Sharing something a little different today! So, a writing group I’m part of has been working on an audio project for the past few months and finally…we’ve gone live! Being part of a collective of like-minded people is such a brilliant opportunity to learn, grow, and stretch yourself as a creative. And my fellow writers and creatives in the Oqique Collective are excellent at providing exactly the kind of environment in which you can grow, learn and stretch yourself.
The Readings, our first project of this year, is a collection of short audio stories. And they are now available across all platforms!
Hello! I hope your NaPoWriMo is going wonderfully so far! Between work, several ‘secret’ projects, and attempting to be a normal, functioning adult, I have to say my writing has been a little hit and miss over the past week or so. I did however, come across an old thing I wrote a while back and so…here! Old but gold?*
*Not really, but I did enjoy writing it! It was part of an old challenge from my writing group. Feel free to try your own hand at a poem or free write with the prompt below!
You look like you’ve never
braved this road before;
the fear hammering your chest seeps through and I see it,
in the tremor of your hands and the quiver
in your voice when you ask, “Here?”
Not every path is made for
your feet to tread
is what you mean to say with your “Here?”
But yes. Here. This is where all knowing of self begins. So for love’s sake, mean it when you take your first step…here. Let no one explain to you how it is done. They will only sing about their escapades and really, what good is a troubadour when your path might just break the legs right out from under you?
No, this is one you stumble through– mostly alone. Head high so the doubt is only visible to those who place worth enough on your struggle to look you in the eye.
Head up because the ones pointing at your shaking legs and faltering feet will never earn the right to your gaze. Head up. Walk. Someday, ages and ages from now when you brave yet another unbroken road, this journey will make all the difference.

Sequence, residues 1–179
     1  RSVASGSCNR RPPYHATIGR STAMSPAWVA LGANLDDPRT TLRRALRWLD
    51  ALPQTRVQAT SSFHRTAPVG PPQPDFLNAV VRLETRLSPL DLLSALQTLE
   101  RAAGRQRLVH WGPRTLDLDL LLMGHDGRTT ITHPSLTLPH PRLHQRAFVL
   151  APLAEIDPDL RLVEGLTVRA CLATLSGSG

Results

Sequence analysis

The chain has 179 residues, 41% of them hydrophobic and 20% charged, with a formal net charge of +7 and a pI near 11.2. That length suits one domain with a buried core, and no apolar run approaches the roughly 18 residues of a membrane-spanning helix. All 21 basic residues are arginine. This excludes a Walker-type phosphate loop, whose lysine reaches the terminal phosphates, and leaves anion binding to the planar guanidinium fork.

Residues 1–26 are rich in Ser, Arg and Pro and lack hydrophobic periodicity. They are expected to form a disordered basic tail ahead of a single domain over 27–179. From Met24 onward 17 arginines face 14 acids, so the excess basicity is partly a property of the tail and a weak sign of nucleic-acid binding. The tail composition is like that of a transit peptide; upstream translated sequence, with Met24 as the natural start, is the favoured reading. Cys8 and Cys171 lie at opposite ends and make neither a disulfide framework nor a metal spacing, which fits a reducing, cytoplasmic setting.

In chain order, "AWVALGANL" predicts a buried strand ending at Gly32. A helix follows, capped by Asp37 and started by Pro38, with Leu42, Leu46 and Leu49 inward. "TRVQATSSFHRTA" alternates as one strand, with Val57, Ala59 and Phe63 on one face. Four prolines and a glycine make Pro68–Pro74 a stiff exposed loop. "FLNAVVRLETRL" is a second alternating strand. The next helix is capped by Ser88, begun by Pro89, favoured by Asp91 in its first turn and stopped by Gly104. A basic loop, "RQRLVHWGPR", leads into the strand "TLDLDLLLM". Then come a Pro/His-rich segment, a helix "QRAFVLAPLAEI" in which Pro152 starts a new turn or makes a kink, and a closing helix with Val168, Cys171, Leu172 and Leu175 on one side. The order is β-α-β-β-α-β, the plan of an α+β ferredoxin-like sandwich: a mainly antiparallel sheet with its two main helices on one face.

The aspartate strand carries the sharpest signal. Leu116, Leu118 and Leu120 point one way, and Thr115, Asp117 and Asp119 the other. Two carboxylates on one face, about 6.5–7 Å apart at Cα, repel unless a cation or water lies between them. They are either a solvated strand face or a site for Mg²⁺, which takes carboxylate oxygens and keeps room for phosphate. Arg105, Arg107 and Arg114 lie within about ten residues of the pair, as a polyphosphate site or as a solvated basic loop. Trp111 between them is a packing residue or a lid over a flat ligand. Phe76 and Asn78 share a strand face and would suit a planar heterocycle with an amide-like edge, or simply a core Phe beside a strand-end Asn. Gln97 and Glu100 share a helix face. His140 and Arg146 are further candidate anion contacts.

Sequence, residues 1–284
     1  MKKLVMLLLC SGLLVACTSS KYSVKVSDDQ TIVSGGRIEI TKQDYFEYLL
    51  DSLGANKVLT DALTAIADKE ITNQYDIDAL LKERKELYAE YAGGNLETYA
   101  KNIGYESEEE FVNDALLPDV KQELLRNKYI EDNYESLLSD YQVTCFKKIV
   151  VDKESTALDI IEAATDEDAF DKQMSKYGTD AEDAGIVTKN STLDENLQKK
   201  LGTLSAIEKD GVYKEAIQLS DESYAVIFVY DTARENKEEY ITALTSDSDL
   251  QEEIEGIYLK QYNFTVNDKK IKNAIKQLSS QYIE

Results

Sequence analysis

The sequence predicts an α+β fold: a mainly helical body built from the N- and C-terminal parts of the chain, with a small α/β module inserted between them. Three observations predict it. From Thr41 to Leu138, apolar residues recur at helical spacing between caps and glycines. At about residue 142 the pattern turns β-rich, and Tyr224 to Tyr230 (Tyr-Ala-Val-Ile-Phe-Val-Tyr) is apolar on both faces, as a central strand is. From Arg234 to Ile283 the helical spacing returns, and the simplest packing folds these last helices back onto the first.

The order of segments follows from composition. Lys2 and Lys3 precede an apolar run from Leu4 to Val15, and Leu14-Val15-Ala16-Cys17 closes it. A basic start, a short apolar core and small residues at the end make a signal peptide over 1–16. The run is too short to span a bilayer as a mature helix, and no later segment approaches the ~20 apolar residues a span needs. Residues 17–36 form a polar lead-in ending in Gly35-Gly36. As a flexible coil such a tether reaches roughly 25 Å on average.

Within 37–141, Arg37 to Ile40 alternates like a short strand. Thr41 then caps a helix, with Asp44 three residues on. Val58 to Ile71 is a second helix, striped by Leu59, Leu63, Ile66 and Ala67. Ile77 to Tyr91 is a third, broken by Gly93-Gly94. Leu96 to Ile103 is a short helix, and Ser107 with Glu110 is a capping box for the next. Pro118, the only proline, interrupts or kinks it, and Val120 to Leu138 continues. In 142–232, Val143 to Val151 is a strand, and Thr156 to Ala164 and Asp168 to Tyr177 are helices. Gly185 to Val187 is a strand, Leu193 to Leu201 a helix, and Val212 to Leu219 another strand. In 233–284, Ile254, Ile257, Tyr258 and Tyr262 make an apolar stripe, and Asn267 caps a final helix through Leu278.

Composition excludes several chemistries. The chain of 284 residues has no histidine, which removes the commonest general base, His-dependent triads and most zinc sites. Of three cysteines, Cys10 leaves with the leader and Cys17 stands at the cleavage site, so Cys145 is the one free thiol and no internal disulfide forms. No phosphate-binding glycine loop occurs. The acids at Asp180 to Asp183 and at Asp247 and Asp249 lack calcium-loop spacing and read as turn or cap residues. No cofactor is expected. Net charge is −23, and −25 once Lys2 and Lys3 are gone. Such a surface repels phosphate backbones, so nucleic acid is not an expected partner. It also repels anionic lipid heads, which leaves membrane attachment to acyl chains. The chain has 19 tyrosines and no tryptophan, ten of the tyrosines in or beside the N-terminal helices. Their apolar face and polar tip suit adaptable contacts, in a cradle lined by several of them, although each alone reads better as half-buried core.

Thank you for taking the time to read! Good luck with your writing for the rest of the month, poetically minded friends!
NaPoWriMo anyone? It’s national poetry writing month and I can’t say how excited I am for this! A month where we celebrate poetry, write poetry, live poetry, breath poetry?!
Okay, so maybe that’s a little excessive but seriously, this month is a great opportunity to dive into a collection, pick up a pen or maybe drop in on a poetry reading or spoken word night. However you want to go about it, try and have a little bit more of it in your life this month.
I’m definitely trying. I’ve actually spent the past month or so finding some new podcasts and I came across this particular podcast in my searches. And what a treat it is! The Poet Salon is a podcast where poets talk over drinks prepared especially for them. It’s insightful, funny, and completely engrossing — and gives you the chance to get to know more about some of the best up and coming poets out there right now!
It’s also an incredible learning tool. The first few minutes of the podcast feature a quick Q&A where the hosts answer questions from their listeners and many of these questions are around how to navigate getting your work published, advice on writing, structure, form, etc. It’s wonderful! I have to say though, since I’ve listened to all of the episodes they have up so far, the Rick Barot episode has a fantastic amount of advice, information, and is really a must-listen!
So, as you go through this month, I’d like to gently point you in the direction of The Poet Salon. Listen for entertainment but also for an excellent learning tool and for encouragement with your writing. For my part, I’ll be talking part in a month-long writing circle with a few poetically minded friends. We’ll be sharing prompts every day in a bid to write something new each day for the whole month (gulp!). So…if some of it is good, you may see it. Heck, even if it’s bad…you may see it here!